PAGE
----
The opinion of the court was delivered by: CARTER
This is an appeal by a creditor, Beneficial Finance Company ("Beneficial"), from a decision by Bankruptcy Judge Townsend, dated January 8, 1975, which determined the dischargeability of a debt owed by the above-named bankrupt to Beneficial.
Facts and Proceedings to Date
A voluntary petition was filed by the nonbusiness bankrupt pro se on July 1, 1974. On July 18, 1974, Beneficial filed a complaint, see Bankruptcy Rule 409(a) (1), pursuant to Section 17(a)(2) of the Bankruptcy Act, 11 U.S.C. § 35(a)(2), to have its debt declared nondischargeable and for judgment of $1,521.08.
Hearings were held in September and October of 1974, which adduced the following facts: On April 24, 1974, the bankrupt, who had obtained two previous loans from Beneficial, sought and received a third loan for $1,521.08. The sum represented $618.35 owed on the second loan, various charges, and $431.73 in "new" money. Contemporaneous with the loan, the bankrupt filled out and signed a financial statement in which he represented that he had no debts and liabilities over $25, other than those listed on the statement, which totalled $1,013.70. In fact, the bankrupt was indebted to the tune of $12,000 to more than 15 other creditors.
Beneficial urged two bases for nondischargeability of the entire amount of the April 24 loan. The first, apparently grounded upon the false pretenses portion of Section 17(a)(2), alleges that the bankrupt, on April 24, was insolvent, concealed this from Beneficial, and also had no present intention of repaying the loan. The second basis for the claim of nondischargeability tracks the language of the "materially false statement in writing" clause of Section 17(a)(2), that Beneficial granted the loan in reliance on the fraudulent financial statement of April 24.
Judge Townsend dismissed the first claim for failing to meet the particularity requirement of the new Bankruptcy Rules; he further found insufficient proof that the bankrupt contemplated bankruptcy on April 24 or that he had no present intention of repaying the loan. Regarding the second claim, Judge Townsend determined that Beneficial relied on the fraudulent financial statement only insofar as it advanced the new money, and held the debt nondischargeable to that extent.
This appeal was heard on July 1, 1975, with the bankrupt again appearing pro se ; Beneficial did not enter a personal appearance but submitted an extensive brief. Decision was reserved pending a written opinion.
Legal Issues and Their Disposition
Essentially, two issues are raised by Beneficial on appeal. The first is whether the Bankruptcy Judge erred in dismissing the false pretenses claim; the second is whether Judge Townsend erred in limiting nondischargeability to the amount of new money advanced.
Bankruptcy Rule 709 incorporates Rule 9, F.R.Civ.P., in adversary proceedings in bankruptcy. Rule 9(b), in pertinent part, provides that "[in] all averments of fraud . . . the circumstances constituting fraud . . . shall be stated with particularity." The Bankruptcy Judge determined that paragraphs 6 and 7 of the complaint,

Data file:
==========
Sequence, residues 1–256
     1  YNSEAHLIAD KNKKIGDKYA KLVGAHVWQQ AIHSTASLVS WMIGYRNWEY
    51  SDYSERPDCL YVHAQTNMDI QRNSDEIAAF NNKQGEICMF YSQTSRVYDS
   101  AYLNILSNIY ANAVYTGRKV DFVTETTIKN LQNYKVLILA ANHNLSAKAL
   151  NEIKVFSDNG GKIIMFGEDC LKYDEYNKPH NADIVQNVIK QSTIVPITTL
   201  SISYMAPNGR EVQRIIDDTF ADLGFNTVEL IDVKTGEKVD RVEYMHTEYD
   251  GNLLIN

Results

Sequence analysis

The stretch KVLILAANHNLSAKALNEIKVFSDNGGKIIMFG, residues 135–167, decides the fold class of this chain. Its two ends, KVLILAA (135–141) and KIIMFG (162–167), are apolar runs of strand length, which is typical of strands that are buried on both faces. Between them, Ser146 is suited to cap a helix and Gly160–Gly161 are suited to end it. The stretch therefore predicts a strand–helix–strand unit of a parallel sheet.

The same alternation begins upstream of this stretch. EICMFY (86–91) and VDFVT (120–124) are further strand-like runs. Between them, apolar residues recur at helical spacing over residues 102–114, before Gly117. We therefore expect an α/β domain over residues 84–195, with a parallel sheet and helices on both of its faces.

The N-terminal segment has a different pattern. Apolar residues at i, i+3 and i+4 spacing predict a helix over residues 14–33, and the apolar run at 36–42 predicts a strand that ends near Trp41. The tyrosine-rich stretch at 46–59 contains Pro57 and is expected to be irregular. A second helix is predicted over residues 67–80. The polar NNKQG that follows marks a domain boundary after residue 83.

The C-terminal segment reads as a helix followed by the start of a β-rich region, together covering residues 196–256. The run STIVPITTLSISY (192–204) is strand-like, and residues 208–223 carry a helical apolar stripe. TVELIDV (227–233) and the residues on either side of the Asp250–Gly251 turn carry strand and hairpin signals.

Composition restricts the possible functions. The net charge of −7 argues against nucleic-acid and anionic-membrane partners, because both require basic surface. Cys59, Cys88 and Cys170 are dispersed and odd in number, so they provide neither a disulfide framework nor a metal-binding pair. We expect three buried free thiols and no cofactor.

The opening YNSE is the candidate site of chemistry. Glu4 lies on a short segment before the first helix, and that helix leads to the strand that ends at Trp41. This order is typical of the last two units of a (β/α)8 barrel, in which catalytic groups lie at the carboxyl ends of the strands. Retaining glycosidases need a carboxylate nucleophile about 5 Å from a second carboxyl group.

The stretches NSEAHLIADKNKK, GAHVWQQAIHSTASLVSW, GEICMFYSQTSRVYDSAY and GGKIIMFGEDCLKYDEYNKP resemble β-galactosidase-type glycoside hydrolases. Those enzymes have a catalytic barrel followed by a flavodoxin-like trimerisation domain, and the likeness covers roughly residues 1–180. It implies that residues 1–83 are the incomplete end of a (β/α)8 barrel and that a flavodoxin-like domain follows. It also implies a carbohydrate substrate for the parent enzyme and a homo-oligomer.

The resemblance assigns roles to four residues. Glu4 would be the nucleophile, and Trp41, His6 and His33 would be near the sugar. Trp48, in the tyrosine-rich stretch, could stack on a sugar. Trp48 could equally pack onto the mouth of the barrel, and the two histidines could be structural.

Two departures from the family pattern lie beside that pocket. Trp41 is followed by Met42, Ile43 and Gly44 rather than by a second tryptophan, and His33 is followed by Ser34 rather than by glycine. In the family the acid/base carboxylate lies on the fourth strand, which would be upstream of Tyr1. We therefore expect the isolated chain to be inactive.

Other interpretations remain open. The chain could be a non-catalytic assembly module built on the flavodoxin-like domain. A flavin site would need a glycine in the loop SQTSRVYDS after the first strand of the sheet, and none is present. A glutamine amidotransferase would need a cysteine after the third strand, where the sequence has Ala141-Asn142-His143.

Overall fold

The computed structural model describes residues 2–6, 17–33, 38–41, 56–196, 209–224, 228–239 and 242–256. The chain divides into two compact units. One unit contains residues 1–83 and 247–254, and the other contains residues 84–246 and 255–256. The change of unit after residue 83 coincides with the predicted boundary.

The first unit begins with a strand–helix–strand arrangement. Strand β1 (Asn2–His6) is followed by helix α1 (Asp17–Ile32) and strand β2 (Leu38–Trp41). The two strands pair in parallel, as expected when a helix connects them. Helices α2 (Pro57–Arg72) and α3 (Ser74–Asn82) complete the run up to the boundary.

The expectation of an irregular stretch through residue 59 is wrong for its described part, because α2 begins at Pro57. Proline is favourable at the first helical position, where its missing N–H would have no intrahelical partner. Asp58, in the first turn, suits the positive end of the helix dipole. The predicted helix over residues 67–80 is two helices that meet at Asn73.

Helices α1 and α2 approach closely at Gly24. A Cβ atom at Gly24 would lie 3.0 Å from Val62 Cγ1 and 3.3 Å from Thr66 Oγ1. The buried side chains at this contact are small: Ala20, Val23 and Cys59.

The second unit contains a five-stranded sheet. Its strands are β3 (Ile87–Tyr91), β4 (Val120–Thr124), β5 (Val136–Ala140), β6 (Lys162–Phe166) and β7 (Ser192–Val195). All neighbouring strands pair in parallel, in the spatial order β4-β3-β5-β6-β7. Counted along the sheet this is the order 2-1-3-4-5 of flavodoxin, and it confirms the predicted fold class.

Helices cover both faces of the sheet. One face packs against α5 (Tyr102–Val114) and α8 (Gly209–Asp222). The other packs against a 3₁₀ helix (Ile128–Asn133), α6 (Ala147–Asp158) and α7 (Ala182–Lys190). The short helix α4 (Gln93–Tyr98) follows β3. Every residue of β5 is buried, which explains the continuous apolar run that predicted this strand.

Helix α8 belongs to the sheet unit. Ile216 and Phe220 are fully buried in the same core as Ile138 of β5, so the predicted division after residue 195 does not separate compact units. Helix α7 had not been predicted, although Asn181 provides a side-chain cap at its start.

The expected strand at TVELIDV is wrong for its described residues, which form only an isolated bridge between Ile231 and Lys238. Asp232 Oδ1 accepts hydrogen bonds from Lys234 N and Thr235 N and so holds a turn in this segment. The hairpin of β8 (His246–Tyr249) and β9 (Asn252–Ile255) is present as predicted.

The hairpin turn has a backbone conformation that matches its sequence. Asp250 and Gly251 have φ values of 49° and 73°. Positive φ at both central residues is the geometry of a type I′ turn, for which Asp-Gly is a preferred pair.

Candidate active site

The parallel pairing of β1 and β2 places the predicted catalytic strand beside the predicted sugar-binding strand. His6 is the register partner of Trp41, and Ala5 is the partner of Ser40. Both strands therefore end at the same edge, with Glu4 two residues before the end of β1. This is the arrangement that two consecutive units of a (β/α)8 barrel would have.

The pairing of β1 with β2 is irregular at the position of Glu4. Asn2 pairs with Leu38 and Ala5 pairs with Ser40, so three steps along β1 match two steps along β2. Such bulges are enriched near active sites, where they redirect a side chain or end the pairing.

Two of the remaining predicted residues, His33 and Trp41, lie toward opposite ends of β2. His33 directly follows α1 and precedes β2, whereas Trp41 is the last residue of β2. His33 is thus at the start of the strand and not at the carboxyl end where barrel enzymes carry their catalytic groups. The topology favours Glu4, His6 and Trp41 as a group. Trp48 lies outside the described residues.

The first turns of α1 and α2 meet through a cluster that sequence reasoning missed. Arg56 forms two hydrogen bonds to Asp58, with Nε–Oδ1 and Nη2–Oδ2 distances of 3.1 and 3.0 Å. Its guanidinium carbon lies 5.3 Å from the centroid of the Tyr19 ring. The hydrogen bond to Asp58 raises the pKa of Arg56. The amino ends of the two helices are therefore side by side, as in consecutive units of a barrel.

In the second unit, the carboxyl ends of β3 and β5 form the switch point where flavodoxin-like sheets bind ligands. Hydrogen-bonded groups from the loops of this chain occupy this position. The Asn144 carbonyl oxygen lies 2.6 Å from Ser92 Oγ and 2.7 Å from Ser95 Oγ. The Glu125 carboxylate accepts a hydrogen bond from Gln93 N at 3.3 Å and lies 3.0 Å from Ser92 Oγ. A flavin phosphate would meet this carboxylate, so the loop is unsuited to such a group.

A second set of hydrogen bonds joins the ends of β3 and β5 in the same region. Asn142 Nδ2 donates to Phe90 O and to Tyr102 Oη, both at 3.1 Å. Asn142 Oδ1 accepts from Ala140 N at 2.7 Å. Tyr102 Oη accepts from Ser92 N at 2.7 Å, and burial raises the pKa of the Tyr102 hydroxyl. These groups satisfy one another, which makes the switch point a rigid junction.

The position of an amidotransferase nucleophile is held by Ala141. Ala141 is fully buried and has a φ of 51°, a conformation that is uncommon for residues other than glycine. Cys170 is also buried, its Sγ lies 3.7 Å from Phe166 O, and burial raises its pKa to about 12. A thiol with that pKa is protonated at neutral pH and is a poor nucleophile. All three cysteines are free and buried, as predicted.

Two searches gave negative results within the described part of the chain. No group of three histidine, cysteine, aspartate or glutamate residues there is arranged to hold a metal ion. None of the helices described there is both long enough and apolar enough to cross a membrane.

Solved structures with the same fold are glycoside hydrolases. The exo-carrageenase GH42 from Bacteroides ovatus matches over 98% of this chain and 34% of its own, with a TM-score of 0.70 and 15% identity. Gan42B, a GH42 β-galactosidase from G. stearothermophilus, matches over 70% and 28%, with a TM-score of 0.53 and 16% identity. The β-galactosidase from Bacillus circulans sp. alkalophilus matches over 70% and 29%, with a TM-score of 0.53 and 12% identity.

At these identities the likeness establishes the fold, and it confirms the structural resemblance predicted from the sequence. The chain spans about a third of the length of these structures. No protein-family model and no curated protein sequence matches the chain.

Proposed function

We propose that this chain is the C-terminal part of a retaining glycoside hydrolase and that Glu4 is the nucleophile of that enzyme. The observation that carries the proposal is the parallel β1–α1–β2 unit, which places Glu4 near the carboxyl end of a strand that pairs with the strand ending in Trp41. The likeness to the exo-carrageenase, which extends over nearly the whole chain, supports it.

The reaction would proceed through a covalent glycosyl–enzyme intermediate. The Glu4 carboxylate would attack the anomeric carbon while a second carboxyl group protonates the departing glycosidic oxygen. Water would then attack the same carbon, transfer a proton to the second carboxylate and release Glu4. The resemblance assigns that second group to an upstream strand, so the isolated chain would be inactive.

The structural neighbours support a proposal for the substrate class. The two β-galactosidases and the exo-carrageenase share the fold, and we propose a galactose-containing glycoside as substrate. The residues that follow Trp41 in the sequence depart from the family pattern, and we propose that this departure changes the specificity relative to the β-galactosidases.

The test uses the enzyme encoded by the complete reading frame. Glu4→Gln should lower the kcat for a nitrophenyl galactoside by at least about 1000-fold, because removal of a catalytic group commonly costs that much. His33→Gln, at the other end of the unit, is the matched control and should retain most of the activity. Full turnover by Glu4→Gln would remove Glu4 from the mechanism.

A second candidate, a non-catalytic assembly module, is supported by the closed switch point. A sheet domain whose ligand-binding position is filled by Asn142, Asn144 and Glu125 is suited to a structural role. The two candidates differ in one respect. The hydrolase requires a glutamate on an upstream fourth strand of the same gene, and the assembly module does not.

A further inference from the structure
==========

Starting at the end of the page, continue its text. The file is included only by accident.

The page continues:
at best, alleged the bankrupt's concealment of insolvency and his lack of intention to repay the loan at the time he filled out the financial statement. He then concluded that the allegations failed to survive the hurdle presented by Rule 709.
In this determination the Judge was correct. The allegations here are "merely conclusory and clearly do not apprise the [bankrupt] of the claims made against [him]. . . . Some further explanation of the allegations is necessary to indicate how they constitute fraud." Felton v. Walston and Co., 508 F.2d 577, 581 (2d Cir. 1974). In Robertson v. NBA, 67 F.R.D. 691 S.D.N.Y. July 8, 1975), this court, in passing upon the sufficiency of a cross-claim, stated at 8:
"Because of the wide range of conduct which fraud encompasses 'a defendant needs a substantial amount of particularized information about [the] claim in order to enable him to understand it and effectively prepare his response.' Wright & Miller, Federal Practice and Procedure, § 1296, at 400 (1969). Sensitivity to the particularity requirement also reflects judicial awareness of the harm that comes to a defendant's reputation when he is charged with such wrongdoing. Segal v. Gordon, 467 F.2d 602, 607 (2d Cir. 1972); Lewis v. Varnes, 368 F. Supp. 45, 47 (S.D.N.Y.), aff'd, 505 F.2d 785 (2d Cir. 1974). Accordingly, conclusory allegations that conduct was fraudulent are insufficient, Shemtob v. Shearson, Hammill & Co., 448 F.2d 442, 444 (2d Cir. 1971), for such general assertions serve no informative function, Lynn v. Valentine, 19 F.R.D. 250, 254 (S.D.N.Y.1956). ...